Robert HARNEIS -TDO- (FRANCE) - A first military satellite named Noor has been launched into orbit by Iran's Revolutionary Guards Corps (IRGC), from a base in Semnan. The IRGC said the satellite “Noor”, or “Light”, was orbiting 425 km above the earth’s surface.

The IRGC’s leadership said it would give Iran leverage “in intelligence wars.” None of the world’s leading militaries has “a comprehensive defense plan without being in space,” the Guards’ chief Hossein Salami said.

The launch may well be a warning to the United States not to initiate military action against Iran. The collapse in the price of oil has removed one of the restraining factors on Washington in attacking Iran. Previously the United States and its allies feared a surge in oil prices if the Straits of Hormuz were closed in the event of hostilities. At the present time the US President, who is seeking re-election in November, might welcome an oil price increase to save the US shale oil industry that needs oil near $65 a barrel rather than the present $13.

Putting a satellite into space is a major advance for Iran’s military following several failed launch attempts in recent months. The Guards Corps said it used the Qased, or “Messenger”, rocket to launch Noor. “The three-stage Qased satellite launcher uses a combination of solid and liquid fuels,” it said.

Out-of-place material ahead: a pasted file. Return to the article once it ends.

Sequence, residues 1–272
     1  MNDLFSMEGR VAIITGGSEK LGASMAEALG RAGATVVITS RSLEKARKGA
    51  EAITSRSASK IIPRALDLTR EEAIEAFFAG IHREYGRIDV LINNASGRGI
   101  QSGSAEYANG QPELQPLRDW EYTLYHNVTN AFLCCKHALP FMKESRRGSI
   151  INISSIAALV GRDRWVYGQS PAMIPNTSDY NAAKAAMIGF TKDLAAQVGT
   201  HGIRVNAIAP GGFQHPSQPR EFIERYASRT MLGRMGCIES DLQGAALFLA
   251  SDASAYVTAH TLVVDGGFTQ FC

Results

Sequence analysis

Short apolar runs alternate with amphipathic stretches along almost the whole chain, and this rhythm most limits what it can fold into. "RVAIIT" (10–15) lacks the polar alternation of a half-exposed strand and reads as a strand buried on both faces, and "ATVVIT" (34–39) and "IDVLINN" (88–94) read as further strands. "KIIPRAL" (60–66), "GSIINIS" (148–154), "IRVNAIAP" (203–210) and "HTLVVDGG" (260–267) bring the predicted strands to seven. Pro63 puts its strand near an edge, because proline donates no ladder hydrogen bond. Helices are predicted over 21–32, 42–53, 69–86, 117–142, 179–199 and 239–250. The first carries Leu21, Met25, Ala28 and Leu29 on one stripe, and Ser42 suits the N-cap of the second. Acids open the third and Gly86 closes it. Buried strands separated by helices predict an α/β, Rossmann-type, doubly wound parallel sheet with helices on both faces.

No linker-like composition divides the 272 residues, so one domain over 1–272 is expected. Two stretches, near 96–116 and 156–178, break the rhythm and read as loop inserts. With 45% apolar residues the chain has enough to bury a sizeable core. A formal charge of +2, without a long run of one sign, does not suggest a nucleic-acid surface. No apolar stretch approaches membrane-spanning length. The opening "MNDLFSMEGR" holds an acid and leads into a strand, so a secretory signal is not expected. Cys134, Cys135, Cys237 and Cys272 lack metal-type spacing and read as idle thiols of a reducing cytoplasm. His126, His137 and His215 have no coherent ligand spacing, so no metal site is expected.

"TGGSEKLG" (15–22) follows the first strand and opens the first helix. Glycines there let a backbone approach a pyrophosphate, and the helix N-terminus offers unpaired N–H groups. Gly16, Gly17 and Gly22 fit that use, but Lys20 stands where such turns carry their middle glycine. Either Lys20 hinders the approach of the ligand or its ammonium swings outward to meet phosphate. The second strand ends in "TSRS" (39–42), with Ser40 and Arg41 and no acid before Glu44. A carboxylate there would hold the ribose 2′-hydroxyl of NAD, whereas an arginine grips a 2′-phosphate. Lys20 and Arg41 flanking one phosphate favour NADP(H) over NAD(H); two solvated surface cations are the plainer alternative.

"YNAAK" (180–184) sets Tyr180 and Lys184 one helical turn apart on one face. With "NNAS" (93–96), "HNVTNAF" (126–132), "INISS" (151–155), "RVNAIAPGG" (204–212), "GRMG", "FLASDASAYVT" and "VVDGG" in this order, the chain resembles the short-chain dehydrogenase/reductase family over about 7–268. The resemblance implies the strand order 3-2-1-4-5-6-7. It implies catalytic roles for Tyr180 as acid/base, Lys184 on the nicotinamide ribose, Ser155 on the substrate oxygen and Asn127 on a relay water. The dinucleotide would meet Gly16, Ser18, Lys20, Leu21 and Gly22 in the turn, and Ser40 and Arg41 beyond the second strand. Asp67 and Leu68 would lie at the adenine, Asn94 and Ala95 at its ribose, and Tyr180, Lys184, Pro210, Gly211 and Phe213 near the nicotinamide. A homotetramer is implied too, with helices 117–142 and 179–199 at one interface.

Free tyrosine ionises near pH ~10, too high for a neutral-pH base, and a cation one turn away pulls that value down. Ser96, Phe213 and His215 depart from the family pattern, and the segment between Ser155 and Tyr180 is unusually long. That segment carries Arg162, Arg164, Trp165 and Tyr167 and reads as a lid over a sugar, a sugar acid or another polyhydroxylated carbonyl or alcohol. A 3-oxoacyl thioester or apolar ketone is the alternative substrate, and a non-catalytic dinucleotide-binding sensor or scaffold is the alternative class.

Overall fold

Tehran denies U.S. assertions that such activity is a cover for ballistic missile development and says it has never pursued the development of nuclear weapons.

A U.N. resolution in 2015 “called upon” Iran to refrain for up to eight years from work on ballistic missiles designed to deliver nuclear weapons following an agreement with six world powers. US Secretary of State Mike Pompeo claimed the launch was inconsistent with the U.N. resolution.

“I think every nation has an obligation to go to the United Nations and evaluate whether this missile launch was consistent with that Security Council resolution,” Pompeo said at a news conference.

“I don’t think it remotely is, and I think Iran needs to be held accountable for what they have done,” he added.

President Donald Trump’s administration in May 2018 withdrew from the 2015 accord and reimposed sanctions on Iran. Trump claimed the deal, designed to put curbs on Iran’s nuclear programme in exchange for Tehran halting its sensitive nuclear work, did not include restrictions on Iran’s ballistic missile programme and support for its proxies in the Middle East.

Iranian TV footage showed the satellite carrier was inscribed with a verse of the Koran that Muslims often recite when travelling: “Glory to Him who has subjected this to us, as we could never have done it by our own efforts”.

Regional tensions have been high since the start of the year, when the United States assassinated top Iranian military commander Qassem Soleimani in a drone strike in Baghdad. Iran retaliated on Jan. 9 by firing missiles at bases in Iraq, apparently causing brain injuries among U.S. troops.

The launch comes as Trump said that the U.S. Navy would fire on Iranian ships if harassed, a week after the United States said 11 vessels from the Guard Corps Navy came dangerously close to U.S. vessels in the Persian Gulf.

“I have instructed the United States Navy to shoot down and destroy any and all Iranian gunboats if they harass our ships at sea,” Trump wrote in a tweet, hours after Tehran’s announcement of the satellite launch.

Senior Pentagon officials said that Trump’s comments were meant as a warning.

“What he was emphasizing is all of our ships retain the right of self-defense,” said Deputy Defense Secretary David Norquist.


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